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Permaculture Design Principle 1 – Relative Location

The first Permaculture Design principle is ‘Relative Location’.

In this principle, every element (separate component in a design) is placed in relationship to another so that they assist each other.

In Permaculture our primary concern is with the relationship between things, and how they interact, rather than with the things themselves.

So, in Permaculture design, we focus on the connection between things, and by understanding the nature of the elements, and how they benefit each other, we can determine the optimum location for them.

All elements have inputs and outputs, and they can have many of these. By the correct placement of elements, we can create a relationship where the outputs of one element feed into the inputs of another element in our design.

To know what an element’s inputs and outputs are, we have to understand its nature, and when we have done this, we can determine the relative location where the element is best placed in our design.

Pictured above are several examples on the application of the Relative Location principle.

  1. We can locate our water tanks uphill of the house, and let gravity flow the water back down, saving energy. To get the water to an elevated height, we can use a solar powered pump, and by pumping the water to a height when we aren’t using it, we convert the sun’s energy to potential energy, which will drive the water to the house at anytime, regardless of whether the sun is present or not.
  2. By planting deciduous trees (which lose their leaves in autumn-winter) on the sunny side of the house (north facing side in the Southern Hemisphere, i.e.. Australia), we can block out the sun, and thereby shade the house in summer when the tree is in full leaf, in order to keep the house cooler. In winter, the trees lose their leaves, allowing the sun to pass through and warm the house.
  3. A kitchen garden can be located close to a kitchen which exits to the back yard, so that culinary herbs and often-used vegetables can be easily accessed when preparing meals. Here, the output of the garden, food, is the input to the kitchen. The kitchen scraps can conveniently be put into a worm farm which is located near the kitchen garden. The output of the kitchen, kitchen scraps, are the input to the worm farm. Worm castings provide a nutrient rich fertilizer for the kitchen garden, which helps the growth of the garden. The output of the worm farm, worm castings, provide the input to the kitchen garden. As you can see, all the inputs and outputs are linked together across all three elements, and as a result there is no waste, and there is a recycling process taking place.
  4. Trellises are built with a North-South orientation so that the plants trained along the trellis do not shade each other out, and the midday sun shines down the full length of the trellis, maximising exposure to the sun.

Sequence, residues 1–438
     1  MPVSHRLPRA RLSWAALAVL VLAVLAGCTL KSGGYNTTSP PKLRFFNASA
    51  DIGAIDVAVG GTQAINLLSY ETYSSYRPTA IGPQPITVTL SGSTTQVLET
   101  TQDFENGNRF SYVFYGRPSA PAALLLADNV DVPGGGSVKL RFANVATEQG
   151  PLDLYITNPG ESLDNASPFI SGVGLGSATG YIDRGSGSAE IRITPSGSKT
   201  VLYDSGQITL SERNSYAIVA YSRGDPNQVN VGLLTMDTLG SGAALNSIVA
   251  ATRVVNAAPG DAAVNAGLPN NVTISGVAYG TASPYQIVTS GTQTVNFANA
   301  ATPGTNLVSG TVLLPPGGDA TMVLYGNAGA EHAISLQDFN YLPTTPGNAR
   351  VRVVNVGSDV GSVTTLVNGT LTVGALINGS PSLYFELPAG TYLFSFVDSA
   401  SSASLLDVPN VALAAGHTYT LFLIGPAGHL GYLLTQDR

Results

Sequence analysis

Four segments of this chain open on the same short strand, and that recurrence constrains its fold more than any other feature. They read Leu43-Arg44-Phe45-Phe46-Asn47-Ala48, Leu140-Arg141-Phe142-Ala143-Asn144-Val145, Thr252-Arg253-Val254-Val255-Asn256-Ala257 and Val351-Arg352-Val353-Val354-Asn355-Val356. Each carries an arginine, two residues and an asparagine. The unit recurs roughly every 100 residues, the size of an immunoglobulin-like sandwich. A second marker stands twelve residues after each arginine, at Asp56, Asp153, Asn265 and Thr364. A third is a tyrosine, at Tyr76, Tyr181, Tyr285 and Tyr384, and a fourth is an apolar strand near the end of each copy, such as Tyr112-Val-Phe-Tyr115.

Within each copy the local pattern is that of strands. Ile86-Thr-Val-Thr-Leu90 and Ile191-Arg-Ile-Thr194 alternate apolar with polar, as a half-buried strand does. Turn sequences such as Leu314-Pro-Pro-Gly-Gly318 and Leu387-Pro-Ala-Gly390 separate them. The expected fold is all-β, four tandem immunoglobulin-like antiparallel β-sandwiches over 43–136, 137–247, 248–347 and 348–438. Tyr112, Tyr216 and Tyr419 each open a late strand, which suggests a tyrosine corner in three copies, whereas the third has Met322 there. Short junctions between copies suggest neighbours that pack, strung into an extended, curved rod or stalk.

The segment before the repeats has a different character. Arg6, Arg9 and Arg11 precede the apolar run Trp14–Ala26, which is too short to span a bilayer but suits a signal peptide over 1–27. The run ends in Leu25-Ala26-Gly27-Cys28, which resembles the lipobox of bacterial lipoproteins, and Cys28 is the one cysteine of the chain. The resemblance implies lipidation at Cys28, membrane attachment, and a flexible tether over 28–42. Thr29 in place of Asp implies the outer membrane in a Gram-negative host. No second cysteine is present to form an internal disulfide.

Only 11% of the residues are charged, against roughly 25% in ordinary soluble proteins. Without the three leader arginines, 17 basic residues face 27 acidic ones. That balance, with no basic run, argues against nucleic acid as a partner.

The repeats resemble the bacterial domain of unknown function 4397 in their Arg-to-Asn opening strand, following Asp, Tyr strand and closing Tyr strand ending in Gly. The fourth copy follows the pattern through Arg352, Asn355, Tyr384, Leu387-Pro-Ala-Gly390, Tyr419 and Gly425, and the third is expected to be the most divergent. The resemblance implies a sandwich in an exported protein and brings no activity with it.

5. Wind, sun and rain are all elements that we incorporate into our designs when applying the Relative Location principle. In this example, we look at wind as an element. Once we determine the direction of the wind (in Melbourne, Australia, we have a cold south-westerly wind in winter, and hot northerly winds in summer) we can plant insect repellent plants such as wormwood upwind of our garden beds. As the wind blows through, it picks up the scent of the wormwood plants, which insects dislike, and carries it over the scent of the garden bed plants, which may include various vegetables which pests might like to eat. Any pests downwind will not be able to distinguish the scent of the vegetables now that it is masked by the more potent and repellent wormwood scent, and therefore will not follow the scent trail upwind back to the vegetables. This is called ‘scent masking’ and is one of the techniques used in companion planting. Wormwood is a good choice over other insect repellent plants such as tansy in this instance because wormwood is an evergreen shrub that maintains its size and foliage all year round, protecting your winter vegetables, while tansy dies down in winter. This illustrates the importance of having a very thorough understanding of the properties of each element utilised in a design, which becomes even more important in our next design principle.
  6. Planting fruit trees along a chicken run provides chickens with a supply of fresh food in the form of fallen fruit, so the waste that we cannot use is recycled. Since the fruit doesn’t get a chance to rot, it doesn’t attract fruit fly. The tree roots can make their way into the soil under the chicken run, where they will receive nutrients from the chicken manure rich soil. The trees also provide cool shade for the chickens, and the chickens will also provide a means of pest control for any insects that should happen to fall out of the trees.

In our designs, it is important to remember that ‘elements’ do not just include the things we add, but existing structures also. These include trees and buildings, as well as the ‘real elements’ of nature such as sun, wind, rain, and various earth features such as soil type, slope/gradient, banks, gulleys, waterways, hills, mountains and so forth.

In summary, we can optimise our designs using the Relative Location principle by locating design element near other ones so that their inputs and outputs flow into one another, or where they interact with another element to bring about the desired effect.

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